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Kaduna State

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The early settlers of Kaduna State were the Atyap (who occupy its southern part) and the Gbari peoples. Archaeological finds show that Kaduna State was home to the ancient Nok civilisation which dates back to 500AD.Kaduna State was originally part of the Northern Region in the three-region structure of 1954. In 1967, with the creation of twelve federal states by General Yakubu Gowon's military government, Kaduna State became part of North-Central State. The 1976 military government of General Murtala Muhammed created nineteen states from the existing twelve and North-Central State was renamed Kaduna State. In 1987, General Ibrahim Babangida's military government brought the number of states to twenty-one and Kaduna was divided into Kaduna and Katsina states.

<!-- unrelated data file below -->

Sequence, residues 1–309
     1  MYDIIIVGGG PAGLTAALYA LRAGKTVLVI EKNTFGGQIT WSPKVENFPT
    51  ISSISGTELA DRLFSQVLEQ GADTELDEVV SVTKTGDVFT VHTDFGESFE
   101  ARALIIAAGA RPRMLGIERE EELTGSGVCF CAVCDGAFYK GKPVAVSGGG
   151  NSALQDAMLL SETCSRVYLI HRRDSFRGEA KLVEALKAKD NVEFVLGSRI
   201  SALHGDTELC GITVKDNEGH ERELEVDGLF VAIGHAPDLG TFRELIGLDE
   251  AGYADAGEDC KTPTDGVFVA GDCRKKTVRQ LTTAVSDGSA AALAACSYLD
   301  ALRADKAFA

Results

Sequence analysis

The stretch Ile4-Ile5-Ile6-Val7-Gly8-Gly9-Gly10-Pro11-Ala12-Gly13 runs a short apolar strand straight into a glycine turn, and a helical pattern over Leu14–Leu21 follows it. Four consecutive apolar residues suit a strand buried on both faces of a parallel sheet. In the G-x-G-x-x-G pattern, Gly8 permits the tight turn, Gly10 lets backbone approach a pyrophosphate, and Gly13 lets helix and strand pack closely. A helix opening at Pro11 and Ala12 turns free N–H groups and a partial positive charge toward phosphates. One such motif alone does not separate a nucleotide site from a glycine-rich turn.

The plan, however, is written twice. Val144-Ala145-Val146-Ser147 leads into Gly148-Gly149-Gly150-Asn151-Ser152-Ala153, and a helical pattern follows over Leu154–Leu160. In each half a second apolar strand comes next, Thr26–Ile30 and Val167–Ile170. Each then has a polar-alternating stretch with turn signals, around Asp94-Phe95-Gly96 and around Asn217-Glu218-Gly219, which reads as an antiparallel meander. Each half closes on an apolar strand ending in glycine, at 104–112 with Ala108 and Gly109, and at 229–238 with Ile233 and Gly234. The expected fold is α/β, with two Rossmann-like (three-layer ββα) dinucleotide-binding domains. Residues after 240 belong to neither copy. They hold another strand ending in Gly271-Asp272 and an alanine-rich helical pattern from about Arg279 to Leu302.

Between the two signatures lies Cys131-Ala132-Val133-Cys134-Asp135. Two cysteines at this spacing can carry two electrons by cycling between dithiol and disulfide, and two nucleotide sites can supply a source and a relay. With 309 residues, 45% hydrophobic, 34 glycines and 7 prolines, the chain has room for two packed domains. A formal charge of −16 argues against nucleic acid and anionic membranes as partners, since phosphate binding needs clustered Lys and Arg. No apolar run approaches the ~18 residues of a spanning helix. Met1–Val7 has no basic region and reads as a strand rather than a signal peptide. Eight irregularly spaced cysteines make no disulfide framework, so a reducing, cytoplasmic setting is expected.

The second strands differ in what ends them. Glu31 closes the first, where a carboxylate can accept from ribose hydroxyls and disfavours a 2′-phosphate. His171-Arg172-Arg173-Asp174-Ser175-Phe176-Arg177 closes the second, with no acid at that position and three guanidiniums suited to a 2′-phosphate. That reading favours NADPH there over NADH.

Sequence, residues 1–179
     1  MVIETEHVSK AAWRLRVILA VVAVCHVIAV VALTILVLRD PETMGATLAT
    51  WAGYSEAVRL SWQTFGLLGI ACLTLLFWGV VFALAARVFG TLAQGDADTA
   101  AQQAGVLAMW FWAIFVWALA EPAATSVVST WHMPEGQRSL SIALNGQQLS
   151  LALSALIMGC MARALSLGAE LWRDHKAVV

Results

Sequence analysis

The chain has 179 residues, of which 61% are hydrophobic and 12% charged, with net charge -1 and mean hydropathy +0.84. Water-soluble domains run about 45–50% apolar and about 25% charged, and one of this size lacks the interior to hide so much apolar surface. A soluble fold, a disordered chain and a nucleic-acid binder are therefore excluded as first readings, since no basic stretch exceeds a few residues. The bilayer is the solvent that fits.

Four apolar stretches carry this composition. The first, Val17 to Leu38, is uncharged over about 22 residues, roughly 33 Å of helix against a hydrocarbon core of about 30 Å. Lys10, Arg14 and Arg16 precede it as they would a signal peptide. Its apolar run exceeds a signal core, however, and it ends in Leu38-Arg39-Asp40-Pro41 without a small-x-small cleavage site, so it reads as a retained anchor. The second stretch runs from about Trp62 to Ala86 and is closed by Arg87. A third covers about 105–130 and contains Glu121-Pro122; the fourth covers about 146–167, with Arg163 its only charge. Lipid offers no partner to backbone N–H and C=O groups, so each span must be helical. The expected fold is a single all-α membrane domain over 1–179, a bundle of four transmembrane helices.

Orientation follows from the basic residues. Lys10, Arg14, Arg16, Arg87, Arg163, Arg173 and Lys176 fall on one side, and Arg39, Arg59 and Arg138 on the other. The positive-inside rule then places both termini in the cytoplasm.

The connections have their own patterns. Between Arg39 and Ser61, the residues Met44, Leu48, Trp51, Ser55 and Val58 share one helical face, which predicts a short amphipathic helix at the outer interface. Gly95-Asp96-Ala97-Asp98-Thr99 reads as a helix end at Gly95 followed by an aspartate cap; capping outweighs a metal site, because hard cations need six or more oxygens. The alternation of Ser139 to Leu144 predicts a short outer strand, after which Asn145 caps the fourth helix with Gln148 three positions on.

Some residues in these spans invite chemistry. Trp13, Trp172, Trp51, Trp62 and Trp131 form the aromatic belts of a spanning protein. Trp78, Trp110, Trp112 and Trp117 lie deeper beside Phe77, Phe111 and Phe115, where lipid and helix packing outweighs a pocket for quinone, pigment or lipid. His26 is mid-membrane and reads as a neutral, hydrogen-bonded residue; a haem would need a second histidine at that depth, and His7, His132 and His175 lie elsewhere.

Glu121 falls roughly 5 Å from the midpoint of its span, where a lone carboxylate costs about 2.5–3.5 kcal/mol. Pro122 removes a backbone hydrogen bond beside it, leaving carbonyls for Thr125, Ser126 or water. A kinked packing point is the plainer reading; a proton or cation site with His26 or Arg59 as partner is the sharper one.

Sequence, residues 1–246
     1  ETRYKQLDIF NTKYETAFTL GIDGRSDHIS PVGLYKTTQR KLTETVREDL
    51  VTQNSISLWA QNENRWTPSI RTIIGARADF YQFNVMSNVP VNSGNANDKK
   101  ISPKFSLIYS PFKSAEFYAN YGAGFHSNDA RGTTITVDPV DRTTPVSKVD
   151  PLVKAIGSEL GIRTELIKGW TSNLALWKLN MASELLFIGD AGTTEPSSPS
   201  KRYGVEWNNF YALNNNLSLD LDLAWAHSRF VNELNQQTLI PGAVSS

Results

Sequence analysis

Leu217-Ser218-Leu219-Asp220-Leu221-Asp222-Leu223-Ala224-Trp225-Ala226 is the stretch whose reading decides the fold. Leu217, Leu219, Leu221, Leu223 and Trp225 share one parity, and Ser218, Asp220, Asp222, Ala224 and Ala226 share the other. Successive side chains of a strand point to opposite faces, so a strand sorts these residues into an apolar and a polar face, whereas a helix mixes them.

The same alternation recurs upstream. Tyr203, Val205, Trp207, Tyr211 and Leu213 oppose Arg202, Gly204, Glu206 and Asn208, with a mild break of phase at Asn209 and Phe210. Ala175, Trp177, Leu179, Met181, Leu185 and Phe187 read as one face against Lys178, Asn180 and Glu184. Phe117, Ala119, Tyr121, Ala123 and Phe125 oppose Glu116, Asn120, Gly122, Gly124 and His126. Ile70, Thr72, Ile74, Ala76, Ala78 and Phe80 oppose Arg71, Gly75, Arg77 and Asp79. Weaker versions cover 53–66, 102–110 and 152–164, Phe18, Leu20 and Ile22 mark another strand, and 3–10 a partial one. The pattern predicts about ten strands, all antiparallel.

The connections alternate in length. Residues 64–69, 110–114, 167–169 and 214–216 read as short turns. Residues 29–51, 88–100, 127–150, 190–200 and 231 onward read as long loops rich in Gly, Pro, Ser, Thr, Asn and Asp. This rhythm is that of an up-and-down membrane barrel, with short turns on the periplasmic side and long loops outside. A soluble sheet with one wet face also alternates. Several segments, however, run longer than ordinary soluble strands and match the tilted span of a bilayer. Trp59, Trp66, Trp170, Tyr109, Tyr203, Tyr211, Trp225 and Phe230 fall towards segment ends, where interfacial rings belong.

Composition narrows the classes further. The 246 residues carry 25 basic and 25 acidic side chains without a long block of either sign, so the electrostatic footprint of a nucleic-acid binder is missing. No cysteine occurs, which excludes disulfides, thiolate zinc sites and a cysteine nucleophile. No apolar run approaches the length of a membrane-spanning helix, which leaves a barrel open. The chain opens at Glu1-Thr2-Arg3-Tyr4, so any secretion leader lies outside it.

The main ethnic groups in Kaduna State are the Gbari, Hausa, Kamuku, Kadara and Kurama. Fifty-seven languages are spoken in the state; of these, Gbari and Hausa are the major ones. Kaduna is divided into two: North and South. The northern part is majorly Muslim, while the southern part is Christian. Also a small number of traditional religions are also present in the state.

Queen Amina was a fifteenth century warrior queen who expanded the territory of the Hausa people to its largest historical limit. The headquarters of her kingdom was in Turunku, Zaria.